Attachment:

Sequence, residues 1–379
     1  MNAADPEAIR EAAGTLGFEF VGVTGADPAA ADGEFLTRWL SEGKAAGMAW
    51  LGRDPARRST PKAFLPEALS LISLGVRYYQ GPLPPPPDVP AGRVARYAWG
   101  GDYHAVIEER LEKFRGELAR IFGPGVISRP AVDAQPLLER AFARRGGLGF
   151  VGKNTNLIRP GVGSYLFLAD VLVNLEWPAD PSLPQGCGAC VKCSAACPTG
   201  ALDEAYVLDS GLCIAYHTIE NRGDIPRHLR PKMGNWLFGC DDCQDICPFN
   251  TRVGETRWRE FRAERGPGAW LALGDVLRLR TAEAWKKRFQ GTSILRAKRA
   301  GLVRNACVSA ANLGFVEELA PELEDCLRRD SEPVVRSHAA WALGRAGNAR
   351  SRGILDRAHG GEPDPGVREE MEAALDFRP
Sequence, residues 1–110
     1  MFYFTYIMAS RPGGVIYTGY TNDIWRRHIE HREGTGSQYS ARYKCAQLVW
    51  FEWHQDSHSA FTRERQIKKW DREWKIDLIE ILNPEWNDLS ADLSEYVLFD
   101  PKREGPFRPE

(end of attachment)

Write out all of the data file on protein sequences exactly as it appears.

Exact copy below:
Sequence, residues 1–379
     1  MNAADPEAIR EAAGTLGFEF VGVTGADPAA ADGEFLTRWL SEGKAAGMAW
    51  LGRDPARRST PKAFLPEALS LISLGVRYYQ GPLPPPPDVP AGRVARYAWG
   101  GDYHAVIEER LEKFRGELAR IFGPGVISRP AVDAQPLLER AFARRGGLGF
   151  VGKNTNLIRP GVGSYLFLAD VLVNLEWPAD PSLPQGCGAC VKCSAACPTG
   201  ALDEAYVLDS GLCIAYHTIE NRGDIPRHLR PKMGNWLFGC DDCQDICPFN
   251  TRVGETRWRE FRAERGPGAW LALGDVLRLR TAEAWKKRFQ GTSILRAKRA
   301  GLVRNACVSA ANLGFVEELA PELEDCLRRD SEPVVRSHAA WALGRAGNAR
   351  SRGILDRAHG GEPDPGVREE MEAALDFRP
Sequence, residues 1–110
     1  MFYFTYIMAS RPGGVIYTGY TNDIWRRHIE HREGTGSQYS ARYKCAQLVW
    51  FEWHQDSHSA FTRERQIKKW DREWKIDLIE ILNPEWNDLS ADLSEYVLFD
   101  PKREGPFRPE